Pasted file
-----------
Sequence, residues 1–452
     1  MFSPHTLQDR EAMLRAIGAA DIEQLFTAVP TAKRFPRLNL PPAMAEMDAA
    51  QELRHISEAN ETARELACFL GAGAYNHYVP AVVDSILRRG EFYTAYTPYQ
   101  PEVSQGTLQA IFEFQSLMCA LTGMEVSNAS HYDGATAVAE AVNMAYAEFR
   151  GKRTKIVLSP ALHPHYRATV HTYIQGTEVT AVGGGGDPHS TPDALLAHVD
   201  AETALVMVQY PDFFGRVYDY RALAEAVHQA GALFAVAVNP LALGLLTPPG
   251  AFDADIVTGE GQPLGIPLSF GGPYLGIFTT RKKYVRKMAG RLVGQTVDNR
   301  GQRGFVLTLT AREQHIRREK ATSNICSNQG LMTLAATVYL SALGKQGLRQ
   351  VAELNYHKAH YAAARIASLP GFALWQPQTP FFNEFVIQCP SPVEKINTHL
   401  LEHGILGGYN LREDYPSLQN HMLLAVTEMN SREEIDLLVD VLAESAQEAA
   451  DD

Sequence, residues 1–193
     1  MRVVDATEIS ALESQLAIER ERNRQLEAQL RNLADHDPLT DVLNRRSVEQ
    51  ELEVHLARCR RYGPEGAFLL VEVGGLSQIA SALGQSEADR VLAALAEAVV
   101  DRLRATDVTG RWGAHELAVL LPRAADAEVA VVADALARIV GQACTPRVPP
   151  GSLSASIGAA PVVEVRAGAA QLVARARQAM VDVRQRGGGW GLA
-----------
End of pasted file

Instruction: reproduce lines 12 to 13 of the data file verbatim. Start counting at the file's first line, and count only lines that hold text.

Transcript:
Sequence, residues 1–193
     1  MRVVDATEIS ALESQLAIER ERNRQLEAQL RNLADHDPLT DVLNRRSVEQ